It was difficult to know what kind of atmosphere to expect at this year’s BSEC. On the one hand, schools have been the construction industry’s saviour over the past year, in the face of meltdown in just about every other sector. But on the other, the likelihood of a change of government and unspecified cuts in spending in a few months’ time means that the market is the least certain it’s been in about a decade, and construction firms could be forgiven for turning their attention elsewhere.
That they haven’t was in ample evidence at the conference, which had 10% more visitors than the previous year. Interestingly, a large contingent of these seemed to be from the north – proving, perhaps, that the move to a larger venue in London hasn’t dampened enthusiasm from that part of the country. Either that, or if you’ve been braving snow and ice in Cumbria for the last four months, a trip to the Excel centre has more in common with a holiday than simply its aircraft hangar-like appearance.
The real buzz amongst the delegates was for networking: with a 15-month lead in on many schools projects, the view seemed to be that regardless of who gets into power, for the next year at least there are plenty of deals there for the taking. I had slightly more freedom to observe these conversations than usual owing to the dubious pleasure of being presented with a maintenance badge rather than a press pass, which meant people didn’t silence their talk quite as quickly as they usually do when I approached. “I’ve been walking the aisles in rotation for two hours,” admitted one delegate, after I’d owned up to the fact I couldn’t fix a plug if you paid me. “We’re hoping to get a decent amount of work just out of this morning.”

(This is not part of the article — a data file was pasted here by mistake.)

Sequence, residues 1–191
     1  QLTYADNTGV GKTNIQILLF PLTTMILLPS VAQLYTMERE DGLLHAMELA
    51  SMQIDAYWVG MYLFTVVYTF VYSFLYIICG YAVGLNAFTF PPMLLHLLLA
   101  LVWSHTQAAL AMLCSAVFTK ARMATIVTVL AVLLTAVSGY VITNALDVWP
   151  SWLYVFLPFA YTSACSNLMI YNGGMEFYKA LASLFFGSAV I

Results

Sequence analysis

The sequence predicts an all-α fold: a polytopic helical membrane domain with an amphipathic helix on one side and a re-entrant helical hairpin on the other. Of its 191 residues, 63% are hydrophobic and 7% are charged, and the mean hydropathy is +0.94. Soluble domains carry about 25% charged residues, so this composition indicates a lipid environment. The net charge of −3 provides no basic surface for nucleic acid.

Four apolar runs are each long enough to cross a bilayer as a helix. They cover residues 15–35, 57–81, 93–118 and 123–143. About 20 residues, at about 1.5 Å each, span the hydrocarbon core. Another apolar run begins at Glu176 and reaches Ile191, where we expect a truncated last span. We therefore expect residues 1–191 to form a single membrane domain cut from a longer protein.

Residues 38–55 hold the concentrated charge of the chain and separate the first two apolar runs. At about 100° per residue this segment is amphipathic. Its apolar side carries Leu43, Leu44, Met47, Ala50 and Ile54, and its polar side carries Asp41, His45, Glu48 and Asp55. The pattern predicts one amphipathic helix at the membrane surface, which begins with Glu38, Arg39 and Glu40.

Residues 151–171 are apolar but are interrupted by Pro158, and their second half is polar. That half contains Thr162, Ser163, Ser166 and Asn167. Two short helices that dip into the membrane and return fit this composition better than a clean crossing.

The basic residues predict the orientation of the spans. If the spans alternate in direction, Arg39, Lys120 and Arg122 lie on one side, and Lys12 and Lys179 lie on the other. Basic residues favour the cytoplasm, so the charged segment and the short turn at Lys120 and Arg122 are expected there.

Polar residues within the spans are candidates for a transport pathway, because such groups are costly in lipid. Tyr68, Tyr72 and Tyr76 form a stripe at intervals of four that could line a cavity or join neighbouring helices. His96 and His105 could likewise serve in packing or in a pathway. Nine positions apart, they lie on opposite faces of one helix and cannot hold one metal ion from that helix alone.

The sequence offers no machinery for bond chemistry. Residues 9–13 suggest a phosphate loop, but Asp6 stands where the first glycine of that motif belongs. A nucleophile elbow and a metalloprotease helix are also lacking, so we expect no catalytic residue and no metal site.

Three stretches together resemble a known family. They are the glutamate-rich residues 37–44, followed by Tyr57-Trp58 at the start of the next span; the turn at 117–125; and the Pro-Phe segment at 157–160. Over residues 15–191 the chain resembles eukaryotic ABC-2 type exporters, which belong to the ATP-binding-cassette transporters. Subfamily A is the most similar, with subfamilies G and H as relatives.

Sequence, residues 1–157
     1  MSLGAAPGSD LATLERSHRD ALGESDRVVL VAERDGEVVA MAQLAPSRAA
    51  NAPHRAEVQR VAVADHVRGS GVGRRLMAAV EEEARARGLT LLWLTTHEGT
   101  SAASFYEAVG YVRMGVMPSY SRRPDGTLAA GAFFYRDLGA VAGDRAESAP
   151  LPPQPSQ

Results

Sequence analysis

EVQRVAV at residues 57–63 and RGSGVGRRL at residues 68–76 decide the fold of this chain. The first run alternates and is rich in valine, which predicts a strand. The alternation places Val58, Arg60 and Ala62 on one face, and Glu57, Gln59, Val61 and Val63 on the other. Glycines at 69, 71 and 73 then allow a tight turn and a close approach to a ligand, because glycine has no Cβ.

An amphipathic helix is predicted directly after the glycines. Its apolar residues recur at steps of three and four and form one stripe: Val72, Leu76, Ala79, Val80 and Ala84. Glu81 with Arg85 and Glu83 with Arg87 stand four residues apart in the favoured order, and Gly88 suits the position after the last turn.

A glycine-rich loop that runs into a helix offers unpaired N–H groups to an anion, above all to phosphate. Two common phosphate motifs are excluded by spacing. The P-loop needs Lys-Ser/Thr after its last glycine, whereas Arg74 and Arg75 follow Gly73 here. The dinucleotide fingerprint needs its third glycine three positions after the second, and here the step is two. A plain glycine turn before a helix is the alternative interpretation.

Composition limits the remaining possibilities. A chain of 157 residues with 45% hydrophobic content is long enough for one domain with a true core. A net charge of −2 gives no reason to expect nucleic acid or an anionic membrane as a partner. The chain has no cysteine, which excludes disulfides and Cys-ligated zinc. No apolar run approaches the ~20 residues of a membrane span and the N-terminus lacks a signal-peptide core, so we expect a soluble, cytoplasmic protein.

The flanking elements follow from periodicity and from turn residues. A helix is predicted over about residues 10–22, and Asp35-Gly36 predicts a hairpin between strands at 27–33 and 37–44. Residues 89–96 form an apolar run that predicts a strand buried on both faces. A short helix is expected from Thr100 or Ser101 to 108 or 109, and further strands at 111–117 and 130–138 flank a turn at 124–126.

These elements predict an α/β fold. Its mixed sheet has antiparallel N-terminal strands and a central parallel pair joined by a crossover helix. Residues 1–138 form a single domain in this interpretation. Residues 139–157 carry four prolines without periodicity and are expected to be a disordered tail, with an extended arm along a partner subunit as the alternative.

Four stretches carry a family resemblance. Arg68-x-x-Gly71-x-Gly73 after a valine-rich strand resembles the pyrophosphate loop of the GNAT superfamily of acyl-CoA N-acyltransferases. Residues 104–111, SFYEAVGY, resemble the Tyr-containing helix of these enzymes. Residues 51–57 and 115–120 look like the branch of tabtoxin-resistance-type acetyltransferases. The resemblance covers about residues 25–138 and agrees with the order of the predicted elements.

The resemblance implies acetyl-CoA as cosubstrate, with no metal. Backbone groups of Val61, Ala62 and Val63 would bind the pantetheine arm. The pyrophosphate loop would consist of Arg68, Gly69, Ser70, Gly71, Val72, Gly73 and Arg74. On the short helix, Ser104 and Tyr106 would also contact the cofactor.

The looming spectre of an election, if anything, seemed to have galvanised delegates to prove that the UK’s school building industry really does have something to offer education. Building’s Charter 284 campaign went down well with the audience (for all those who requested an explanation of the figures, and were not fobbed off with a cheery wave and a copy of the magazine, do get in touch now I have a calculator in front of me.)
And, perhaps more importantly, the industry demonstrated it still has a huge willingness to learn, and to adapt its work to suit both straitened times and evolving educational practice. Nowhere was this better proven than by the huge interest in the Danish Embassy’s stand, which pulled together wonderful examples of innovative school design and refurbishment from Denmark. And if anyone suggests any part of that interest was due to a neighbouring stand giving out free ice cream, well, I just don’t buy it.